Walkable Glenwood Park nears completion
One of the last parcels is being developed in Glenwood Park, one of the more successful new urban neighborhoods to be built in the last two decades. Curbed Atlanta published a piece about the four-story mixed-use building on the corner of Faith Avenue and Bill Kennedy Way in Atlanta, and it seems like a good time to report on Glenwood Park, a beautifully executed new neighborhood on a former concrete recycling plant that has had a positive effect on the recent development of the city.
Glenwood Park has provided two important public spaces to this part of the city. One is the eponymous and unique oval-shaped park, surrounded by residential buildings, and the other is an intimate mixed-use urban square. Glenwood Park has had a positive impact on nearby development—now taking an urban form—and also changed regulations in the city for the better.
Developer Green Street Properties, launched by Mindspring.com founder Charles Brewer, pushed for narrower street standards (also paying attention to critical details like small curb return radii) to build Glenwood Park. These were incorporated into traditional neighborhood development (TND) street standards for similar negotiated projects in the city.
The resulting intimate, connected streets are critical to the character of Glenwood Park, which wouldn’t be the same without them. Charles Brewer's biggest hope for Glenwood Park was that it would restore people's confidence that humanity "can once again create wonderful, walkable, loveable places. So many of us visit the wonderful old neighborhoods of our country. or the wonderful old towns and cities of Europe, and come back home raving about how much we love them. But too many of us have allowed ourselves to believe that it is impossible to create that kind of place anymore. Well, it's not. And I hope that Glenwood Park will help raise our collective confidence level and aspirations about the kind of places that we can build today in the future."
The timing was good—the project was started in 2003, giving time for market success prior to the 2007-2008 downturn. Since then, the project has been completed incrementally without compromise to design. The latest building is designed by Historical Concepts, an architecture firm specializing in traditional design, with offices in Glenwood Park and New York City. The building will have first floor retail, Historical Concepts will move its offices to the second and third floor, and the fourth floor will also be offices, according to Curbed. The design recalls that of main street buildings from the early 20th Century.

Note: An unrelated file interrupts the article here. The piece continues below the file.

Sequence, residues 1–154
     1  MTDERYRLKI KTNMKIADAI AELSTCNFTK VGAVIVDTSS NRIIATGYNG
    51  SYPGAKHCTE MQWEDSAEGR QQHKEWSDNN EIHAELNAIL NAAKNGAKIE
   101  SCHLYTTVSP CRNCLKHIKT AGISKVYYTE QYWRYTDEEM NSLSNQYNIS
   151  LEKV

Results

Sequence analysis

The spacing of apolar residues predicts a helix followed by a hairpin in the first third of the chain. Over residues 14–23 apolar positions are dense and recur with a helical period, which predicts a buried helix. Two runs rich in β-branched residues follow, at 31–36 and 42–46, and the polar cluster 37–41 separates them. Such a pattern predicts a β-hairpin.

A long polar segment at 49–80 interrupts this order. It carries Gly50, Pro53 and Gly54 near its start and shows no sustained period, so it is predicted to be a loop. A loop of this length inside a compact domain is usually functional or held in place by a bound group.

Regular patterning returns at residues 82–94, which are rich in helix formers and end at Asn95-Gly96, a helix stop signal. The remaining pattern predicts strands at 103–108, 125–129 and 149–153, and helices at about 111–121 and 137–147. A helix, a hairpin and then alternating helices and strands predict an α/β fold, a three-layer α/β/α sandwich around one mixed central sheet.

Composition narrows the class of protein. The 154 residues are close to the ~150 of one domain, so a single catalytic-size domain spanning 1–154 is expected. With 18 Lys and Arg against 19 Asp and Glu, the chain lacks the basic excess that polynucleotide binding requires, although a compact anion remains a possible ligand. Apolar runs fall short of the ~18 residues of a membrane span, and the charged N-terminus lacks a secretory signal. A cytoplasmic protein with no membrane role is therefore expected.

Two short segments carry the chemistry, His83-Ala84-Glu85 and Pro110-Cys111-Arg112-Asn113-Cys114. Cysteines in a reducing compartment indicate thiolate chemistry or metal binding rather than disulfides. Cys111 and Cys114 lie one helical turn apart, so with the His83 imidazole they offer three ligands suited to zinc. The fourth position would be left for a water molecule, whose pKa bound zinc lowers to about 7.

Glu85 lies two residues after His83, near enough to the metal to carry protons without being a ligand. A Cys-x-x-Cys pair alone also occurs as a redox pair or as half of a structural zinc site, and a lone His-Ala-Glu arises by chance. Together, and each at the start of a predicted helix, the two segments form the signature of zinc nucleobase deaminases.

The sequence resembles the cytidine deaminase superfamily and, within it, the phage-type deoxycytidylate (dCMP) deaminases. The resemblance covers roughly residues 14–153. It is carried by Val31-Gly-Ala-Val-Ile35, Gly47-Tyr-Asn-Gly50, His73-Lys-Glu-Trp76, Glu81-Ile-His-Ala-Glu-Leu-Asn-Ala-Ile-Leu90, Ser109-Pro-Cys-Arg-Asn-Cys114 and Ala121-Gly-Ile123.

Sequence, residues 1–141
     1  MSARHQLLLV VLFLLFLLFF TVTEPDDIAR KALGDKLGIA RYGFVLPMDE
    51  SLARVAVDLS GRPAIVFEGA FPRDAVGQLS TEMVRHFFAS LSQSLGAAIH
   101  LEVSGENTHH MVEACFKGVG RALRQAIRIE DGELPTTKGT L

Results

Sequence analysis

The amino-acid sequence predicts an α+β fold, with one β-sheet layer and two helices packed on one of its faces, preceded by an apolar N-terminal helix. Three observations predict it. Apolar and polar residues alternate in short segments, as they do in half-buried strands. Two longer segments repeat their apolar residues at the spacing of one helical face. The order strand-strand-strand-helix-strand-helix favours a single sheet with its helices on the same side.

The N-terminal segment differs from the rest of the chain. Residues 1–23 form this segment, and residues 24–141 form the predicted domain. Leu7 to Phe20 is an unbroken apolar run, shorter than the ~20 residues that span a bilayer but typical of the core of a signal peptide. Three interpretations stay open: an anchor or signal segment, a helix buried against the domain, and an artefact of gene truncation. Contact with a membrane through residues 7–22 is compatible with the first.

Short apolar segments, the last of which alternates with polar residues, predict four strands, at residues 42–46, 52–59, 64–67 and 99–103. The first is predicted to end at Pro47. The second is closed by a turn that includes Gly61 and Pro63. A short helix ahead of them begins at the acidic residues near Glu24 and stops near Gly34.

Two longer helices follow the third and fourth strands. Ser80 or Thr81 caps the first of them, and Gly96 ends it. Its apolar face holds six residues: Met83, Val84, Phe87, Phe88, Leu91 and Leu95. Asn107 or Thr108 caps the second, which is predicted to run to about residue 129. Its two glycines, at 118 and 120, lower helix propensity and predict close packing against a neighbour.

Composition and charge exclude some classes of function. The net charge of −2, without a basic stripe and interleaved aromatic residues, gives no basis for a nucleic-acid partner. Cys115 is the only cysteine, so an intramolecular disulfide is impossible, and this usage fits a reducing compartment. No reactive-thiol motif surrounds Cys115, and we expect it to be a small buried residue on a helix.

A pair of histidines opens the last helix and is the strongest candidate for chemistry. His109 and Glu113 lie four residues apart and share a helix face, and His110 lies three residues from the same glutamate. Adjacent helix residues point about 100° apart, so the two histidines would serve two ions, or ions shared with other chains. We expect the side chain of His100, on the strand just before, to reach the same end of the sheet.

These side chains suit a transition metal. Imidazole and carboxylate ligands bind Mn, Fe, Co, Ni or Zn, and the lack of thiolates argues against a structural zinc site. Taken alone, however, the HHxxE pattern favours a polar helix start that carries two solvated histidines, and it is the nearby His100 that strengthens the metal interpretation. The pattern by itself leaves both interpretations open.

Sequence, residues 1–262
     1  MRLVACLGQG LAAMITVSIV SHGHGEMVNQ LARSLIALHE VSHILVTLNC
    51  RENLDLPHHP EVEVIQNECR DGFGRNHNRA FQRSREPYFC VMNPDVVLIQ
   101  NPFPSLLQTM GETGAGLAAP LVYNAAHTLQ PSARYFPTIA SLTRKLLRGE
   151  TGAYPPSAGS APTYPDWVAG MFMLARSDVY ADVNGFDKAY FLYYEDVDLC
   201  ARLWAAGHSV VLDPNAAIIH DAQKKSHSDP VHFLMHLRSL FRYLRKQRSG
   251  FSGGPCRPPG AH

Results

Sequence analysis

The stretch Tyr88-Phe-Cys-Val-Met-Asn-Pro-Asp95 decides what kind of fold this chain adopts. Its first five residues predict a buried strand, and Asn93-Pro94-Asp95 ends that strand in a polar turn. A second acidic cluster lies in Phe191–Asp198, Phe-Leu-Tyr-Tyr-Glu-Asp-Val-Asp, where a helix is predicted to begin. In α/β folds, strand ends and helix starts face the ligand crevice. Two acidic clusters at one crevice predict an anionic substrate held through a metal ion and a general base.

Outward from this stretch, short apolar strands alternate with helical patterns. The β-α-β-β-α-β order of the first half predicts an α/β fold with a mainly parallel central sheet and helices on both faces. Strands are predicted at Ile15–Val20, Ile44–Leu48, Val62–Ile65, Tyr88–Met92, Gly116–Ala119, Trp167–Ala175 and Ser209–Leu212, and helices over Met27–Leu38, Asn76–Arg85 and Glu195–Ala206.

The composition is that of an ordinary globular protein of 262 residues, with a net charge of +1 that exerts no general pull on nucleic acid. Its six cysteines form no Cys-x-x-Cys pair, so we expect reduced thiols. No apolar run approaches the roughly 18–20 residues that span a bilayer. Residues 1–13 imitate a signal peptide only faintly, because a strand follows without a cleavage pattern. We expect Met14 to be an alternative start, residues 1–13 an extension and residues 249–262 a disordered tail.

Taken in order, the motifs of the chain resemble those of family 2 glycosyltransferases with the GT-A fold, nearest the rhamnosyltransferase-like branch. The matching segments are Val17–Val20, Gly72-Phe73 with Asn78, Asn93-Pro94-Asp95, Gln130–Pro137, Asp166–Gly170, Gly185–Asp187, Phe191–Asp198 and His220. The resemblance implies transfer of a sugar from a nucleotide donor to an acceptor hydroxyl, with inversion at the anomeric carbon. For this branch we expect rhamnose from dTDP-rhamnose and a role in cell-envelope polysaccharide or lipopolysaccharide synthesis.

The building is also next to a major amenity that was not envisioned at the start of the project—the Atlanta Beltline. In the rendering at the top, note the green strip on the adjacent street that is labeled as a future section of the Beltline.
Glenwood Park includes a robust mix: 375 residential units, ranging from detached single-family homes to traditional townhomes and condominiums, 20,000 square feet of office space, and 48,000 square feet of retail space. As built, Glenwood Park looks very similar to an aerial rendering for that was completed at the time of the initial design by Dover, Kohl & Partners and Tunnell-Spangler-Walsh & Associates (now called TSW). See rendering below. Note the oval-shaped park, which is even more beautiful in real life than the vision.
Glenwood Park won a CNU Charter Award back in 2003, at the time of its initial design. The implemented project has lived up to that high standard.